Resume Help: Key Words Are Great, But You Better Back Them Up!

Today’s candidate wrote me asking if I could help him identify more key words to put in his resume.  Kendell was concerned that his resume did not contain the right key words and that’s why he was not getting invited to interviews. He shared a few postings representative of his target job.  Honestly, he had his key words covered.  That was not his biggest issue.  The key words that he integrated were great.  The issue was that Kendell was not backing up his key words with examples of accomplishments. 

Key words are important if an employer is using an ATS (Applicant Tracking Software) system to scan resumes and identify potential candidates based on key words. Key words should be integrated organically.  (No, I don’t mean without pesticides.)  The words should appear naturally as you describe the scope of your responsibilities and as you highlight your chief accomplishments. It also helps to showcase your top areas of expertise in an “Areas of Expertise” or “Core Competencies” section. 

Kendell could take his resume from bush league to the majors by backing up his key words with concrete examples of accomplishments. Here are a couple of examples straight from Kendell’s resume:

  • Before: “Responsible for application support for a large number of applications. Accountable for 40 team members.”
  • After: “Led team of 40 to provide 24/7 chat, telephone, and email support to 268 employees. Trained team to support 18 software applications, ranging from MS Word to highly-complex engineering computational applications.”
  • Before: “Responsible for major application upgrade.”
  • After: “Planned and directed $1.4 million project to upgrade all engineering field offices to Xenix 6.0. Delivered project on-time and $126,150 under budget, completing with zero downtime to field staff.”

You’ll notice that the numbers are impactful and the numbers bring gravitas to the candidate.  This is a serious candidate who has proven his value through examples of past success.

The other issue with Kendell’s resume is the opening summary.  He speaks in very general terms and uses a lot of fluffy language.  I recommended that he eliminate the fluff and give some specific examples of the value he offers.  As someone who has read thousands of resumes over the years, there are many days that I say, “If I see the phrases ‘self-motivated’ and ‘results-driven’ one more time, I will scream!”  These overused, vague cliches are a turn-off for many readers.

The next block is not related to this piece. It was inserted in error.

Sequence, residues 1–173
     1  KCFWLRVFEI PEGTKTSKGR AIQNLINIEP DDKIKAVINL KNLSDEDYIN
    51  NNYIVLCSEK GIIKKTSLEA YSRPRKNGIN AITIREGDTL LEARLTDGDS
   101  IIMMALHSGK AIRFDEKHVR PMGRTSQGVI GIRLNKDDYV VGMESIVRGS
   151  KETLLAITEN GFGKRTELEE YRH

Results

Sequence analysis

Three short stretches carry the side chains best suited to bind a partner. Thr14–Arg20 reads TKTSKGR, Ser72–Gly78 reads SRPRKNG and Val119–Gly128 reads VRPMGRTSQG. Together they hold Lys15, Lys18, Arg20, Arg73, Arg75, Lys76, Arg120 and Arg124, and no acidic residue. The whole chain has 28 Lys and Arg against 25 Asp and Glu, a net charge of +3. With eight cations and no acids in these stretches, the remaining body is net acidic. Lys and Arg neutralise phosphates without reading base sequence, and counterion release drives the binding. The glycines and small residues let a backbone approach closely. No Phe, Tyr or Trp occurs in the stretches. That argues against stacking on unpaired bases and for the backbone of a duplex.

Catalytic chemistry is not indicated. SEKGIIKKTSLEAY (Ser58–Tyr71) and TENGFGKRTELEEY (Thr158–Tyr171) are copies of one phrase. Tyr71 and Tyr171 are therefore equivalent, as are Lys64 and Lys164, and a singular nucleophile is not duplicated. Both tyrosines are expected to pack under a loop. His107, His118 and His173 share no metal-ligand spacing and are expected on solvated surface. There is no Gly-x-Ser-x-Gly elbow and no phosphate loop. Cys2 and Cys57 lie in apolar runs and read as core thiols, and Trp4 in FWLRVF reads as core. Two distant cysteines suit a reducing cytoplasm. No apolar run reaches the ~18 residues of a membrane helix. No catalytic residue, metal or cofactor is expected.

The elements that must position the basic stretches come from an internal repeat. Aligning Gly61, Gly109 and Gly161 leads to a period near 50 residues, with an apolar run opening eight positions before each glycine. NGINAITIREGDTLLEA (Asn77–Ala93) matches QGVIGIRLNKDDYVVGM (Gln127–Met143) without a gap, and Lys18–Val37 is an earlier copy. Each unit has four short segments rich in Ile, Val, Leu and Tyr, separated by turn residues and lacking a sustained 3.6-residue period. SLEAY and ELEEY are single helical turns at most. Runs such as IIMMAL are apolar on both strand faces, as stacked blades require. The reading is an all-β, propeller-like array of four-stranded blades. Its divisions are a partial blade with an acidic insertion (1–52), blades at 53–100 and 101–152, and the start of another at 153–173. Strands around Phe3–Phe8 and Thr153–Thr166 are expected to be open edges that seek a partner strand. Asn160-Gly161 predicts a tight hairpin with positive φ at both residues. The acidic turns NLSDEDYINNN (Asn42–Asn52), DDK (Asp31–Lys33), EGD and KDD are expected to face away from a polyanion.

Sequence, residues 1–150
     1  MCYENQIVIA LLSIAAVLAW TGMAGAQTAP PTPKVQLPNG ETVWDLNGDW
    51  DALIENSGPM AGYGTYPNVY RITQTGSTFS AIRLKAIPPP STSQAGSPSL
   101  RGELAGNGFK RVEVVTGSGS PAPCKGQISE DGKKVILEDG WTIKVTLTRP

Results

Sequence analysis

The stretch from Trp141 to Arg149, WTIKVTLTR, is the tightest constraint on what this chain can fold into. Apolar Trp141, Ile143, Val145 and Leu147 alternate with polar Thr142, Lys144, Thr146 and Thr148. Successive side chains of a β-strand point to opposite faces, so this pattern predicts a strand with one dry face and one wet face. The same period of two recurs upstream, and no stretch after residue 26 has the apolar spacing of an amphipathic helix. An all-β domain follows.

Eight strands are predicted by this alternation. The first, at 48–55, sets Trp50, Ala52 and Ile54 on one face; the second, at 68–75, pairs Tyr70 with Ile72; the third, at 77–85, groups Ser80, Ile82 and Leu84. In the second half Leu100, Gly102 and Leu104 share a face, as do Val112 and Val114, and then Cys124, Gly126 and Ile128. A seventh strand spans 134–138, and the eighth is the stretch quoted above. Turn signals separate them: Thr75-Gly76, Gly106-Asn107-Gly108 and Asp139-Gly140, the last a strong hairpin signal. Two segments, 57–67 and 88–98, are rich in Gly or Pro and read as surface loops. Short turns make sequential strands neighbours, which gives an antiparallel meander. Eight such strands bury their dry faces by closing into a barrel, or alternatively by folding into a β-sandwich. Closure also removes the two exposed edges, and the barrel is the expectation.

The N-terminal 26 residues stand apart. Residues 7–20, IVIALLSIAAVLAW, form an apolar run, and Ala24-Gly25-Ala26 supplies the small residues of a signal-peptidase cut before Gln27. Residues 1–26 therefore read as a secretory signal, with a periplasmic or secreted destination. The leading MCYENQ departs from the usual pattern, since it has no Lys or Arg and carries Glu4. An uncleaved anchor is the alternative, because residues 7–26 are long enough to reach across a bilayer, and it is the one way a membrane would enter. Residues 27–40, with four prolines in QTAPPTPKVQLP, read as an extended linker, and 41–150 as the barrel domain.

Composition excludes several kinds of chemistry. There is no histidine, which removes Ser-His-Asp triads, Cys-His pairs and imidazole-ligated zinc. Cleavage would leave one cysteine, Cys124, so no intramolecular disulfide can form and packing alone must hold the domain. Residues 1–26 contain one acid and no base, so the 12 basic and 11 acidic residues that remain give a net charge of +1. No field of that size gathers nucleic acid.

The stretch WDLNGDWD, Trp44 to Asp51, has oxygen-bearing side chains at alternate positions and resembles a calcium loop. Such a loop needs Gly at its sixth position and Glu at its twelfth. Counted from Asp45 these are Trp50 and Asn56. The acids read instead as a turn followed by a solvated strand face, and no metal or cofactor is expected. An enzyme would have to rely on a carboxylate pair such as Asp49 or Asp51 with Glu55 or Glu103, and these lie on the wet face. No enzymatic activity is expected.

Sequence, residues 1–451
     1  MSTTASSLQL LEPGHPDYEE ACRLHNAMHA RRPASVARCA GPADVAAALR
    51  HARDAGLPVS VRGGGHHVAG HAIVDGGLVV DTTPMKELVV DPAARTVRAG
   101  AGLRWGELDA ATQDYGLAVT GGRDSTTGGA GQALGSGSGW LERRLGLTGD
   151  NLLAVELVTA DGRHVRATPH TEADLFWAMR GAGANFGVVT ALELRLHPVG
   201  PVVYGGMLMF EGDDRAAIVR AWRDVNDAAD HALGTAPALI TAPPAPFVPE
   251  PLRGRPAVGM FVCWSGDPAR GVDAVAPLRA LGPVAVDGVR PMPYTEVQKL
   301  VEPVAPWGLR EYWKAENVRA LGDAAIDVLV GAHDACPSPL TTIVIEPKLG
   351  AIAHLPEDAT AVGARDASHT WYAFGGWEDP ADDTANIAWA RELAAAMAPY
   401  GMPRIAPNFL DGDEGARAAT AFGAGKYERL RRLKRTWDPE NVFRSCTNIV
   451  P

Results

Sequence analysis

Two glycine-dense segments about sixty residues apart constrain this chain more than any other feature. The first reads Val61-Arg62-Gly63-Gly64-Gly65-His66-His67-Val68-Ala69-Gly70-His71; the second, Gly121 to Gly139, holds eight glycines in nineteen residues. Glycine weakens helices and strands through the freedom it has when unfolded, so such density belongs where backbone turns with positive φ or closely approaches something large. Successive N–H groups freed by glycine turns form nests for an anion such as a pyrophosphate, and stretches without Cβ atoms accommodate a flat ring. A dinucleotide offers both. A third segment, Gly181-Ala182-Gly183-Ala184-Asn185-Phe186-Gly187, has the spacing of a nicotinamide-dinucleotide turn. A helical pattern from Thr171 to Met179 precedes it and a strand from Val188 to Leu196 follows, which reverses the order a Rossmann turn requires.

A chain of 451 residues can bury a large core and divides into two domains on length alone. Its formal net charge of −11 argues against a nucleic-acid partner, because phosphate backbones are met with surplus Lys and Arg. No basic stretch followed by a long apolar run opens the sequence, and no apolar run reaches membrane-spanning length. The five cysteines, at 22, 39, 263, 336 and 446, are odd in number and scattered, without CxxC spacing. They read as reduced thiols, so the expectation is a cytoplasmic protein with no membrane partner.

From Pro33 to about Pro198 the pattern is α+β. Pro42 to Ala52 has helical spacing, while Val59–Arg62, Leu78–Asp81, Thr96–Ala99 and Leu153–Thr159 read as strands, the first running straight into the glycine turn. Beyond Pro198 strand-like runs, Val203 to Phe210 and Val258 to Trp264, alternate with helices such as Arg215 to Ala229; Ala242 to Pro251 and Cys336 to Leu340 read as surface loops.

Kendell is a bright and accomplishment project manager.  As Kendell and I continue to work together, he will have a resume that will earn him many interviews.  If you are struggling with your resume, contact me.  Whether you are looking for a complimentary critique or seeking to hire a professional resume writer, I am happy to help.

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Resume Help: Key Words Are Great, But You Better Back Them Up!

Today’s candidate wrote me asking if I could help him identify more key words to put in his resume.  Kendell was concerned that his resume did not contain the right key words and that’s why he was not getting invited to interviews. He shared a few postings representative of his target job.  Honestly, he had his key words covered.  That was not his biggest issue.  The key words that he integrated were great.  The issue was that Kendell was not backing up his key words with examples of accomplishments. 

Key words are important if an employer is using an ATS (Applicant Tracking Software) system to scan resumes and identify potential candidates based on key words. Key words should be integrated organically.  (No, I don’t mean without pesticides.)  The words should appear naturally as you describe the scope of your responsibilities and as you highlight your chief accomplishments. It also helps to showcase your top areas of expertise in an “Areas of Expertise” or “Core Competencies” section. 

Kendell could take his resume from bush league to the majors by backing up his key words with concrete examples of accomplishments. Here are a couple of examples straight from Kendell’s resume:

  • Before: “Responsible for application support for a large number of applications. Accountable for 40 team members.”
  • After: “Led team of 40 to provide 24/7 chat, telephone, and email support to 268 employees. Trained team to support 18 software applications, ranging from MS Word to highly-complex engineering computational applications.”
  • Before: “Responsible for major application upgrade.”
  • After: “Planned and directed $1.4 million project to upgrade all engineering field offices to Xenix 6.0. Delivered project on-time and $126,150 under budget, completing with zero downtime to field staff.”

You’ll notice that the numbers are impactful and the numbers bring gravitas to the candidate.  This is a serious candidate who has proven his value through examples of past success.

The other issue with Kendell’s resume is the opening summary.  He speaks in very general terms and uses a lot of fluffy language.  I recommended that he eliminate the fluff and give some specific examples of the value he offers.  As someone who has read thousands of resumes over the years, there are many days that I say, “If I see the phrases ‘self-motivated’ and ‘results-driven’ one more time, I will scream!”  These overused, vague cliches are a turn-off for many readers.

Kendell is a bright and accomplishment project manager.  As Kendell and I continue to work together, he will have a resume that will earn him many interviews.  If you are struggling with your resume, contact me.  Whether you are looking for a complimentary critique or seeking to hire a professional resume writer, I am happy to help.

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